The regional profile is presented in two degrees of comprehension with regard to the level of agreement of the technology parks researched. On one side, we have answers about the profiles of companies, institutions, and conglomerates able of generating knowledge, technology, and information in connection with the technology parks disseminated in the region; and, on the other hand, there are answers about the existing conditions for local economic development, with the presence of favorable conditions for the companies installed in the technology parks.

            About the profiles of companies, institutions, and conglomerates, we can see, according to Table 1, that most of the technology parks, including NUTEC, Porto Digital, PaqTcPB, and SergipeTec, agree that, in the region where they’re inserted, there are companies in the same field of the technology parks, diversity in the region’s industrial structure, possibility of institutional support from alliance networks favoring the parks, institutions able to stimulate the flow of knowledge and technology between the parts involved, agglomeration of companies involved with the technology offered by the research institutions, and work force with medium and superior education in the area.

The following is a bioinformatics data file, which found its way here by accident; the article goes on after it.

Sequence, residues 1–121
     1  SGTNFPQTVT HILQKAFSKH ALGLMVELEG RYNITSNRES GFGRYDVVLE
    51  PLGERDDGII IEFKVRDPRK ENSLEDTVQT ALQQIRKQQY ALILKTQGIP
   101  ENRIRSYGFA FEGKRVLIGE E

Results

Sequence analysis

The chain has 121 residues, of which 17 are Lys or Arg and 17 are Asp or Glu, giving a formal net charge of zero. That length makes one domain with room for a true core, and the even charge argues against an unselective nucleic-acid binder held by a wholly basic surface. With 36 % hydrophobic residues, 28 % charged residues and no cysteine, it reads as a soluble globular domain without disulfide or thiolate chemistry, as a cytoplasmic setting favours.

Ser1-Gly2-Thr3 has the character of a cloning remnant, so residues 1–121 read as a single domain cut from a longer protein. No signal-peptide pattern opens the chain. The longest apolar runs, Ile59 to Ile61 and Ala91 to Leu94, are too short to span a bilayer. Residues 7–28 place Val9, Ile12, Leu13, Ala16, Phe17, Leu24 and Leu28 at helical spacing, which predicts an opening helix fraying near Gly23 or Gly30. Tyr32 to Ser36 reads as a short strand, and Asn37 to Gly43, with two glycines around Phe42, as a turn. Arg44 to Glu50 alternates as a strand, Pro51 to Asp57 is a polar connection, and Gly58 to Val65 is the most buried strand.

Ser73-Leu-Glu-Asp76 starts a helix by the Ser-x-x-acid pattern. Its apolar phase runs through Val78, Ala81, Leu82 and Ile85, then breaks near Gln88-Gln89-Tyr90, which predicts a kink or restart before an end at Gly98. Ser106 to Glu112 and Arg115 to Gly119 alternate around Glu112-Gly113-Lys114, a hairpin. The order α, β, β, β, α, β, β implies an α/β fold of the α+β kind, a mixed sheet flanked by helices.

Table 1: Region Profile



Region Profile

Degree of Agreement



There is presence of peer group in the park’s operational actions



There is diversity of industrial structure in the region

(presence of companies from different segments)



There are local presence of large companies


Neither Agree Nor Disagree

There is presence of innovative companies that produce products

and technological services of high added value locally


Totally agree

There is the possibility of institutional support networks alliances in the park’s favor



There are institutions that can stimulate and manage the flow of knowledge and technology between research institutions, companies and markets



There are low transaction costs in the region


Neither Agree

Nor Disagree

There are cluster of firms directly involved with technology provided by research institutions



There is availability of local skilled labor (higher level)



There is availability of local skilled labor (middle level)





Neither Agree

Nor Disagree

Source: Direct Research, 2009/2010.